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The Value of a Degree Resides in Others Not Having it

August 1, 2016

Many people like and want to have degrees and certificates. Other people and organizations prefer people who have degrees and certificates over those who don’t or have fewer of them.

 

We like to believe that the value of such a document comes from the fact that it indicates (certifies) some qualities, skills, and knowledge of its owner. This is, to a very large extent, true. At the same time:

 

The value of a degree (certificate) comes from the fact that others don’t have it.

 

This statement does not conflict with a degree’s (certificate’s) role of indicating skills, abilities, knowledge etc.

 

 

Imagine that a country would decide to issue certificates that attest a highly important ability for anyone’s life: correctly counting from 1 to 10. All citizens who passed the age of five would receive this certification and, precisely this, would make the certification valueless and useless.

 

The role of a degree is to discriminate between those who have and those who don’t have certain qualities (abilities, skills, knowledge etc.).

 

Qualities (in a broad sense) that are certified through degrees are valuable because they are relatively scarce. We trust doctors because they went through the effort of graduating medical school and fulfill the yearly requirements of continuous education. We go to doctors because most of us don’t have the qualities doctors have.

 

A quality’s value is proportional to its rarity.

 

Only a few hundred years ago, being able to read and write was a scarce and valuable quality (skill). Nowadays, in the developed world, being able to read and write is a quality that almost all adults have. This universality of being able to read and write does not decrease the intrinsic value of the skill, but it decreased its relative value. Nobody expects higher pay or higher social status because she or he is able to read and write.

 

 

The certificate doesn’t sing

 

In an old Romanian movie, a group of artists organized a selection for a female singer to join them. One candidate mentioned that she has a participation certificate from a singing contest. When asked to perform she sang completely out of tune. When she was given the traditional “don’t call us, we’ll call you”, the candidate kept insisting that she has the certificate … the reply: the certificate doesn’t sing.

 

This anecdote illustrates the most relevant quality a degree, certificate etc. must have: honesty.

 

A degree, a certificate must honestly (accurately) indicate that its possessor has the quality it attests. Imagine that a (European) country would indiscriminately issue, to all its citizens, certificates that attest the ability (skill) of speaking Chinese (Mandarin). It is self-evident that these certificates are not honest since, except for China, there is no other country whose all citizens speak Chinese.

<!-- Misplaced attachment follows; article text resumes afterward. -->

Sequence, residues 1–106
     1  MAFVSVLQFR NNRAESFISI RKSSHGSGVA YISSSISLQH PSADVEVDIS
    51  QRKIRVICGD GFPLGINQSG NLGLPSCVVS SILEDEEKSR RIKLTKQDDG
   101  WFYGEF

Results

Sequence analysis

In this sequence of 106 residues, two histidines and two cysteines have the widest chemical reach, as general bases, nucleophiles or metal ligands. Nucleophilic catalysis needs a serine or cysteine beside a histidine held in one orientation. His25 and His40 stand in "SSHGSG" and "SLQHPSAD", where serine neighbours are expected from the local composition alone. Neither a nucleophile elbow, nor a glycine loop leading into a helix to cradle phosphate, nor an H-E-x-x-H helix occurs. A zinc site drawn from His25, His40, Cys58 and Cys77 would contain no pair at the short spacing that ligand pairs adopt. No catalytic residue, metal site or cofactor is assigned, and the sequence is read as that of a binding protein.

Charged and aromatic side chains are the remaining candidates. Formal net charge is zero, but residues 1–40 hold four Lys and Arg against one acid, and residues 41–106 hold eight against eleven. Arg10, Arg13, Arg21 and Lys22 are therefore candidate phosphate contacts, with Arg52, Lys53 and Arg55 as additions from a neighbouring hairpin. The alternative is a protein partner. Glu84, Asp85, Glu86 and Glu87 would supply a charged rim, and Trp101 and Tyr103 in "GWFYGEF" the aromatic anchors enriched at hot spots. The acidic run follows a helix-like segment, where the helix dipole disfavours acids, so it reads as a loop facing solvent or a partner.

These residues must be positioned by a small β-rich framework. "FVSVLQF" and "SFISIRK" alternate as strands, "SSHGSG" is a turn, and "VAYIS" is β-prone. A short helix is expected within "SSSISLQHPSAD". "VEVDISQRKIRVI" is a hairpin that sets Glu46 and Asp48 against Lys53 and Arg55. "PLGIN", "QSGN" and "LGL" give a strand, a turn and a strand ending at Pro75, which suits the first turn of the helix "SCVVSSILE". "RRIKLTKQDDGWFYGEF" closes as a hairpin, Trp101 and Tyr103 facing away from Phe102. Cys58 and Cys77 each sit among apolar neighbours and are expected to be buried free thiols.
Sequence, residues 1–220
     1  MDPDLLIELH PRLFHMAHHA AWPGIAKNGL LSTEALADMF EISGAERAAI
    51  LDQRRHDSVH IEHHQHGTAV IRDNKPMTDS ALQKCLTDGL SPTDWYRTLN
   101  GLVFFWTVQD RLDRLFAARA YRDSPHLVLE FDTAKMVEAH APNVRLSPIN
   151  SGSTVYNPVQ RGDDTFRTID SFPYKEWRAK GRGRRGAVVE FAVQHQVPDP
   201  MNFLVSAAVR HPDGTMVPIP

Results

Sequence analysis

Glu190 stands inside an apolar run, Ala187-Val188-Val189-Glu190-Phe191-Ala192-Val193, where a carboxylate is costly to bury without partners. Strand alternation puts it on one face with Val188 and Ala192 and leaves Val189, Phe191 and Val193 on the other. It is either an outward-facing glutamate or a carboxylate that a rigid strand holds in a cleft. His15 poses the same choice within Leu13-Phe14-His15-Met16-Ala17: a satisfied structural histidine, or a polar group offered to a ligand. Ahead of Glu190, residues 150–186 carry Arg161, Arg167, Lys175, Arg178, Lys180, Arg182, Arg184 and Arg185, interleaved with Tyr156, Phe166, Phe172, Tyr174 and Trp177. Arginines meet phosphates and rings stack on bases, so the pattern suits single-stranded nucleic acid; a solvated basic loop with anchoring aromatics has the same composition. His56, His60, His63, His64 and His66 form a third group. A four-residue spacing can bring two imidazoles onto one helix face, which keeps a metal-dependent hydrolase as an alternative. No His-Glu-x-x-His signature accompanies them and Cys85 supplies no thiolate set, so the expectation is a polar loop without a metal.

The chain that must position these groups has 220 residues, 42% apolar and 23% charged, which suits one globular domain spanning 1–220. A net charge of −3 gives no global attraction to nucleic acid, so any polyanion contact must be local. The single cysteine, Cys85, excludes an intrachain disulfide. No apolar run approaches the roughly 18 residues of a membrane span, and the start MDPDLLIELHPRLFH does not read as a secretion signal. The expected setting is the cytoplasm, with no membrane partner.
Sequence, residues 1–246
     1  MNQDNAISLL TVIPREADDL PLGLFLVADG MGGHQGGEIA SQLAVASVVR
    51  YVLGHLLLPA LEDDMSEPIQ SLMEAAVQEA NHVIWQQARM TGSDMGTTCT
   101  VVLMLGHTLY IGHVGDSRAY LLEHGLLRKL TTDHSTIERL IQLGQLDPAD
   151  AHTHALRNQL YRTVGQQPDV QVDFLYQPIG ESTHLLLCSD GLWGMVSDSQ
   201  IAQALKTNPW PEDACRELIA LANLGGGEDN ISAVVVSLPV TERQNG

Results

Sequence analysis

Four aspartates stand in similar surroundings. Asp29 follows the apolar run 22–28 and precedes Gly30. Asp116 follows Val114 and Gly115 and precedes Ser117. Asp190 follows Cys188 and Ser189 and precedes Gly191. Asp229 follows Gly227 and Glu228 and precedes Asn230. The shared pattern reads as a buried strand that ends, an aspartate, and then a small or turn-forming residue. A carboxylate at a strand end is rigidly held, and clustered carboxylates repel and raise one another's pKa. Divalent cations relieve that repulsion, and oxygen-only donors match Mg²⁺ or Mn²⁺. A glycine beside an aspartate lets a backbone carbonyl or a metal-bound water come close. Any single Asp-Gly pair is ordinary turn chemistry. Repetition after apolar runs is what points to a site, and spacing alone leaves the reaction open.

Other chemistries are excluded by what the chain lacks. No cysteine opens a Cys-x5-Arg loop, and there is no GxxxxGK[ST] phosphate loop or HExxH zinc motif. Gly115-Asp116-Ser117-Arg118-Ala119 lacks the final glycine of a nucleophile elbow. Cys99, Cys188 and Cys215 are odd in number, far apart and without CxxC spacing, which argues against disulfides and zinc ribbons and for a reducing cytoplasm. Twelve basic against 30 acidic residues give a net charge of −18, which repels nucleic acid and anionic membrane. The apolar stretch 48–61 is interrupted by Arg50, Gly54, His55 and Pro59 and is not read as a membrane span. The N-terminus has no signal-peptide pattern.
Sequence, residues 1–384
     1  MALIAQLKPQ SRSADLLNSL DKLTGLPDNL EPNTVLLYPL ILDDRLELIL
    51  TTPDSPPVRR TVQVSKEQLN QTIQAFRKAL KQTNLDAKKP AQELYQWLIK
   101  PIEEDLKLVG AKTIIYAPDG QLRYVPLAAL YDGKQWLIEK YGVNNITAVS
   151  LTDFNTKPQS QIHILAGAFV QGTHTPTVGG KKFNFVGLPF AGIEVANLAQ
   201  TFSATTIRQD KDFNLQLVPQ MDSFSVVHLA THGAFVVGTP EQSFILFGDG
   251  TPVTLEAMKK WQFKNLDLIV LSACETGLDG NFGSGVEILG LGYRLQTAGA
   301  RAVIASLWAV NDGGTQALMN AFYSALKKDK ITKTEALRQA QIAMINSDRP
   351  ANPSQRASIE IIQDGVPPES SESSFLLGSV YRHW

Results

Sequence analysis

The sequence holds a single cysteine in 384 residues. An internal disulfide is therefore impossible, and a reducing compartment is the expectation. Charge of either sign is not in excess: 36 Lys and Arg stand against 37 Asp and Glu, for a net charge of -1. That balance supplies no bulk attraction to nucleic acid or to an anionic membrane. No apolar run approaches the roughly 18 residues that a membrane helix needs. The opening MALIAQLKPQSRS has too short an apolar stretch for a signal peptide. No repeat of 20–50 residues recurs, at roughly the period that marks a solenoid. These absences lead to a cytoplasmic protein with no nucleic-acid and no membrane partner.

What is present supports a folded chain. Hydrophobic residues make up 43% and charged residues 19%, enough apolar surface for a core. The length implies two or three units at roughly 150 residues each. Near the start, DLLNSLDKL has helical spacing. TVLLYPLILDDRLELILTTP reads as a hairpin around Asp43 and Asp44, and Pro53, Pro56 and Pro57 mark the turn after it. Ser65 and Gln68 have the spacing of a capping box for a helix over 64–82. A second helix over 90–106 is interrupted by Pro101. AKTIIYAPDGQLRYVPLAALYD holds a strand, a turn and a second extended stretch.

In the real world, we have situations less extreme than the one above. We have some institutions that issue dishonest certificates, degrees etc.: that (claim) attest that their holders have qualities that they don’t actually have.

 

The example that first comes to mind is “fake” universities that issue degrees in exchange for money. But this isn’t the only situation in which dishonest degrees or certificates are issued. Consider the institutions where the examination is neither thorough (exams are way too easy, fraud is tolerated etc.) nor truly discriminating (75% of students get As).

 

There’s both good and bad news regarding the dishonest indicators (degrees, certificates).

 

The good news:

 

People have developed ways to deal with dishonest signals of individual qualities such as intelligence, conscientiousness, hard-work, knowledge etc. Degrees and certifications are not the only way in which these qualities are communicated. Work experience, individual reputation, personal behavior etc. also indicate these qualities. For example, someone who holds a dishonest degree in history can easily be spotted as a fraud when she or he talks nonsense on the topic.

 

The bad news:

 

Because there are other ways in which one’s qualities can be assessed, when there are many impostors who hold degrees, certifications etc. issued by the same institution or by institutions that have certain commonality, then all the indicators that come from those institutions are perceived as less valuable and even worthless.   

 

Simply put, if a university (institution) issues many dishonest indicators of qualities (degrees, certifications), then all of those university’s degrees and certifications will be perceived less valuable (worthless?).

 

The bad news is that the honest and valuable students of those institutions will come-out short because their degrees (certifications) and subsequently their individual qualities will be perceived as less valuable.

 

Moreover, when an institution is issuing deceiving degrees and certificates it discourages achievement and performance seeking. When 75% of students get As the students who truly deserve B+s and As are not going to be motivated to shine.

 

 

Summing up, the value of a degree has two sources:

(1) the rarity of qualities it indicates (signals) and

(2) the honesty (accuracy) with which it indicates these qualities.  

 

 

 

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